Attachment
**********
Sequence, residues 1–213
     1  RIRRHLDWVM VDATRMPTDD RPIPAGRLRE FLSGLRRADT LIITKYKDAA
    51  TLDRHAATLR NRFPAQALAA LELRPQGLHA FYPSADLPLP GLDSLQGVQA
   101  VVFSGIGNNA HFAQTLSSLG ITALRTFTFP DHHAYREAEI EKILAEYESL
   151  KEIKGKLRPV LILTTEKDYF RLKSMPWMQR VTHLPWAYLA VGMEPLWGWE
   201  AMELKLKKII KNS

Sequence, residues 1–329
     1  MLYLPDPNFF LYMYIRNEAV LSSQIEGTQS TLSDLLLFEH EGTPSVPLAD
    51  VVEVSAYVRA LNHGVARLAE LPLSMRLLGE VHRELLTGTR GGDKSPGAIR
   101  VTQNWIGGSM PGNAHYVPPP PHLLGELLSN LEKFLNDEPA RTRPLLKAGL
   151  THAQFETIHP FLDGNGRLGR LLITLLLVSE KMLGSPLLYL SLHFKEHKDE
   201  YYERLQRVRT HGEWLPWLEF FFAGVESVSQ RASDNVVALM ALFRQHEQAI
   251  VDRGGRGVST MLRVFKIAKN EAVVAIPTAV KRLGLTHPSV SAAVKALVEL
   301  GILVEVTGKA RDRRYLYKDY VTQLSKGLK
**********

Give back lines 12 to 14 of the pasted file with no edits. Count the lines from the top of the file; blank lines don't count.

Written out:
   201  YYERLQRVRT HGEWLPWLEF FFAGVESVSQ RASDNVVALM ALFRQHEQAI
   251  VDRGGRGVST MLRVFKIAKN EAVVAIPTAV KRLGLTHPSV SAAVKALVEL
   301  GILVEVTGKA RDRRYLYKDY VTQLSKGLK